Missouri lawmaker proposes change in process for selecting DMV operators

Missouri
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JEFFERSON CITY, Mo. – Contracts to operate Missouri’s DMV offices were once awarded without a bidding process, leading to accusations of contracts being given as political favors.

The state eventually put a bidding process in place. State Rep. Chris Dinkins (R-Annapolis) believes it’s time to change that process.

Dinkins presented HB 2121 to the House Transportation Committee on Thursday. The proposed legislation would require any person or entity operating a DMV to be a Missouri resident. Dinkins’ bill would also give favor to bidders who live in the county of the DMV office they hope to operate.

Dinkins said when the state increased the annual license fee from $3.50 to $6.00 last year, interest in operating DMV offices grew. The fee increase was in part aimed at generating interest in running offices in smaller communities struggling to keep open a DMV office. Dinkins believes too many offices run by local community members are losing bids to companies based outside of those communities.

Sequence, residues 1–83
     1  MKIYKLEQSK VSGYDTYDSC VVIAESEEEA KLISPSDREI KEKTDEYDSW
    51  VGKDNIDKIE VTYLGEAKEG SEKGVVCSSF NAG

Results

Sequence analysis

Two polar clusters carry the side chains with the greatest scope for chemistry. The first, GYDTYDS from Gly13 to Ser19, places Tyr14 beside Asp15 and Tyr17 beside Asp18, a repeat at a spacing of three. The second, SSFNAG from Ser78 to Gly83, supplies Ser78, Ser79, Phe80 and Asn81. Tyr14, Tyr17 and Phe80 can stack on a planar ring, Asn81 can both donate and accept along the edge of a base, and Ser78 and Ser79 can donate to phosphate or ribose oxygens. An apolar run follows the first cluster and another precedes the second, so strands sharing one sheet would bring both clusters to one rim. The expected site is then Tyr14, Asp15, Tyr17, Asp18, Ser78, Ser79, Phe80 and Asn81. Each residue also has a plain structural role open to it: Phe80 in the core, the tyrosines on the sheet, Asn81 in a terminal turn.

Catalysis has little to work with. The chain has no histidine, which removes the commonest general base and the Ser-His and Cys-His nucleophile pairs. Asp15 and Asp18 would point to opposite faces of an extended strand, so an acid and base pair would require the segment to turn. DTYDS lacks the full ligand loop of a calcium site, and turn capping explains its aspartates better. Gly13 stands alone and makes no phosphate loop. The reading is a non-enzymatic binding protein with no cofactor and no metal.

“They weren’t just losing it to another person in the community but actually losing it to LLCs who were from out of state,” she said.

Dinkins and supporters of the bill maintain that when a local person or organization manages a DMV office, they are more likely to contribute to a community’s success by giving back through scholarships and other donations.

James Knowles testified against the proposed legislation. He represents Elle Management, a Missouri-based company that operates several DMV offices.

“It would be a giant step backwards toward the old system by giving a large and unfair advantage to bidders based on geography and not based on their ability to provide high-quality service to their customers,” Knowles said. “The company headquarters being in the same county or even within a specified radius puts no more obligation on a company to be more responsive than someone two counties or even 200 miles away.”

Janey Radford testified in support of the bill. She’s the president-elect of the Washington County Chamber of Commerce. Radford told lawmakers the organization put in a bid to keep an office open when no one else was willing to run it. She said, “It’s never been about money for us it’s been about providing a community service. It’s about providing local jobs.”

Some committee members said one aspect of the bill they wanted to examine closer is how much it would cost the state to ensure the bill’s provisions were being met.

Read HB 2121 in its entirety.

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